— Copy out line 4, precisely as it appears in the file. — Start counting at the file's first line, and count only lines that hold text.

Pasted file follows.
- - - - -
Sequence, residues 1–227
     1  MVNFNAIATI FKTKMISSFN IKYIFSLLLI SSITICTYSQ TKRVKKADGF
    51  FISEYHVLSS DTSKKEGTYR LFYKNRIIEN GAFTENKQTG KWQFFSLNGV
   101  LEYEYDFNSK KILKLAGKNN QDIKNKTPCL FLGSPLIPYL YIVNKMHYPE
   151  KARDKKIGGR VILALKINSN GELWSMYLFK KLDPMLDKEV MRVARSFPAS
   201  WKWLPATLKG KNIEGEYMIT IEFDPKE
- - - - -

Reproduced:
   101  LEYEYDFNSK KILKLAGKNN QDIKNKTPCL FLGSPLIPYL YIVNKMHYPE